By Jon Levy
If I didn’t know better, I’d start this post by touting the merits of the “learning experience” the USMNT got on Saturday night in Tampa. After all, team leader and frequent spokesman Landon Donovan was branding the Panama match as such in the wake of the disappointing 2-1 loss. So it stands to reason that a match in which the Yanks had early defensive breakdowns, played to the level of their opposition, and reverted to on-ball panic rather than build-up, should serve as a parable about what not to do.
But insanity is frequently described as repeating a pattern of behavior and expecting different results. We’ve heard the “learning experience” song before, and it’s about time we get realistic and stop expecting some permanent remedy to the mostly psychological issues endemic to this group. Knowing is truly half the battle, but if you don’t use that knowledge to make corrections, well, then you’ve only won half the battle. I’m not saying I expect the US to come out and lay an egg against Guadeloupe on Tuesday night, but I’m wary of the chronic issues returning in future matches; that’s what chronic issues do. And that’s why the US is currently taking a ride into the “danger zone.”
What to watch for from the Yanks:
I’m not an over-reactionary fan or journalist, but Saturday’s loss against Panama, the first ever loss for the US in Gold Cup group play, was a big deal. And it reminded us that so much can change in five days. Can I please be transported to that happy day last week when the US had beaten Canada 2-nil and we were all making tainted chicken and drug testing jokes at Mexico’s expense? Those were good times. Today’s reality is much harder to take for US Soccer fans. America will try to recover from one of the worst losses in the Bob Bradley era, while it looks like Mexico won’t miss Memo Ochoa at all, because even Alfredo Talavera can protect a four goal lead.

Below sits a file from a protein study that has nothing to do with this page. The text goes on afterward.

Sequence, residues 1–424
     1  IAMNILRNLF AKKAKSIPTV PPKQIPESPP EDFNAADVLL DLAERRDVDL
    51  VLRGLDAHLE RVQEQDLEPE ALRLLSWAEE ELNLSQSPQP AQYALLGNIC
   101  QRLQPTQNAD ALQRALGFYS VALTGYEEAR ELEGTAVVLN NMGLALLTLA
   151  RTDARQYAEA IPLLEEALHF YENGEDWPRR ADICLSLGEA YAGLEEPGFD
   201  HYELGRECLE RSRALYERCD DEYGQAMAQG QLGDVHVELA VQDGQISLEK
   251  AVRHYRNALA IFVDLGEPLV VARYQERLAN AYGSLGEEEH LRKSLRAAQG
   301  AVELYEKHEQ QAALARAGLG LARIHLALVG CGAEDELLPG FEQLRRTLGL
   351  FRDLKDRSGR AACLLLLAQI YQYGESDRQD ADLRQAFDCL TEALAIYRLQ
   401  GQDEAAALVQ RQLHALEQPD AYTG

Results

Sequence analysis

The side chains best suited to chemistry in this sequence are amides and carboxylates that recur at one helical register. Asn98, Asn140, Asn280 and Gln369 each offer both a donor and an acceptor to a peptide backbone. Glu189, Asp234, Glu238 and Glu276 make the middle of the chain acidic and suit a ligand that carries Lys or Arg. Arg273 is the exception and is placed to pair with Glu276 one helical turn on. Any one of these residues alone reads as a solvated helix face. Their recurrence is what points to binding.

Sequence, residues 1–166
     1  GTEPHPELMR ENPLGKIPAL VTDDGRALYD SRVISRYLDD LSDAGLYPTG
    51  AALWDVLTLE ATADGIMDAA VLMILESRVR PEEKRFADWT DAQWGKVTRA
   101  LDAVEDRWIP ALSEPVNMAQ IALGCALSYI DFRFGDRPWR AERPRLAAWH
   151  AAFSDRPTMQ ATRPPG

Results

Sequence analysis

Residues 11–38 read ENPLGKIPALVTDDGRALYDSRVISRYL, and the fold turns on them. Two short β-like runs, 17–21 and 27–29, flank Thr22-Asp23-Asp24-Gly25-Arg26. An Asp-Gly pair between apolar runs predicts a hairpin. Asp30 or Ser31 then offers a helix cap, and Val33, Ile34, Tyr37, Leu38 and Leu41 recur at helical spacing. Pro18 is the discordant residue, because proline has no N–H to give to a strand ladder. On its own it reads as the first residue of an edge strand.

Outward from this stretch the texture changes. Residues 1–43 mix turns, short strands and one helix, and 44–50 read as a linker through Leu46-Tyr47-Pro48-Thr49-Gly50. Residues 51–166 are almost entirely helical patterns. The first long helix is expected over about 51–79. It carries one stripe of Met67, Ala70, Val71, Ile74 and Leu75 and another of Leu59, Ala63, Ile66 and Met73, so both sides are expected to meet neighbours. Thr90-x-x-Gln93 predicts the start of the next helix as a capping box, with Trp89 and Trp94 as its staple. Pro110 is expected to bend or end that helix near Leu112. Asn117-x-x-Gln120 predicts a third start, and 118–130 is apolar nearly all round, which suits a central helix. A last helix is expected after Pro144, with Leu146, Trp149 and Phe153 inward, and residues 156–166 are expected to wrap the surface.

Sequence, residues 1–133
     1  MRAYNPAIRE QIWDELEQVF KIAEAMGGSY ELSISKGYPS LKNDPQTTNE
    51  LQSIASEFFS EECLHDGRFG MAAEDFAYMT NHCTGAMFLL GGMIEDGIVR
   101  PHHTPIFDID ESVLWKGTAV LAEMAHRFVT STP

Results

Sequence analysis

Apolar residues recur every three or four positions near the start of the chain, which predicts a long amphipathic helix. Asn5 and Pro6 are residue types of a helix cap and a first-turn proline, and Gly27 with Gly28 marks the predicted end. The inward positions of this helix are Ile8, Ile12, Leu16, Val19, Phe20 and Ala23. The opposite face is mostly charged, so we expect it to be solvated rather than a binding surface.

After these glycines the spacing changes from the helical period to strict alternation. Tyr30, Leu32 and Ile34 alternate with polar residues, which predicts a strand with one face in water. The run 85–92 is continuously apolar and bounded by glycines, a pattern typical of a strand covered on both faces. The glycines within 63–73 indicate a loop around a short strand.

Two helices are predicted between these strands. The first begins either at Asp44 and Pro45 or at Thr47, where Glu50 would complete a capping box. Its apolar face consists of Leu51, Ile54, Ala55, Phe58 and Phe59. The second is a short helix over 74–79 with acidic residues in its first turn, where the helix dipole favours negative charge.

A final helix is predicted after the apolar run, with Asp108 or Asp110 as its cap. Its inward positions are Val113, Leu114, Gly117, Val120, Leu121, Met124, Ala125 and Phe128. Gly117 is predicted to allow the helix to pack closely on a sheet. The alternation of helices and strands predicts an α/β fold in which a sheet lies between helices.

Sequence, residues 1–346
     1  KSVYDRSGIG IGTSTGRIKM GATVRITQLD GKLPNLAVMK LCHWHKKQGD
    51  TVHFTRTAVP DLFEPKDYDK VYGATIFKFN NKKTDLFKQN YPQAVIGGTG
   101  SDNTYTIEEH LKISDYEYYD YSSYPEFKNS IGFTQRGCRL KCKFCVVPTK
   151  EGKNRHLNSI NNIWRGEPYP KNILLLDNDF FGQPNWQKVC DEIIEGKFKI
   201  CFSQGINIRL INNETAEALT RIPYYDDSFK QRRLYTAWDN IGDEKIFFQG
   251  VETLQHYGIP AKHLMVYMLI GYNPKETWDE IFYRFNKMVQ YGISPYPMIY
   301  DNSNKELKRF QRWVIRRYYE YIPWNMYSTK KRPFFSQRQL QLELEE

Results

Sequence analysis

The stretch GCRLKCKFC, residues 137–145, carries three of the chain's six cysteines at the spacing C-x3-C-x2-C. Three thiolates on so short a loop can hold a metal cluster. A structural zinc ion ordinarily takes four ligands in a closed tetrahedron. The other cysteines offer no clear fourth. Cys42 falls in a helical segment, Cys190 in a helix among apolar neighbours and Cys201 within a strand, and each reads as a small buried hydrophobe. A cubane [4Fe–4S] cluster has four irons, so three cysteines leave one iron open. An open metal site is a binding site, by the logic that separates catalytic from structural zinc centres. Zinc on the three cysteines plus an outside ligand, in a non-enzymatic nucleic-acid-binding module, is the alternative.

But Mexico and possible future opponents are not the concern right now. Thanks to the El Salvador and Guatemala winning their final group stage matches, the US isn’t in line for a third place “wild card” spot unless they secure a draw. Granted, that draw could land the Yanks in second place in the group if Panama beats Canada, and a narrow Canada win over Panama coupled with a USMNT win in Kansas City would vault our boys into the first place finish we had penciled in before the tourney. Simply put, I expect the Yanks to do what’s needed to advance, at the very least. They may have to battle hard for every inch, but after Saturday night’s woeful display, every man on the team should be more than ready to do just that.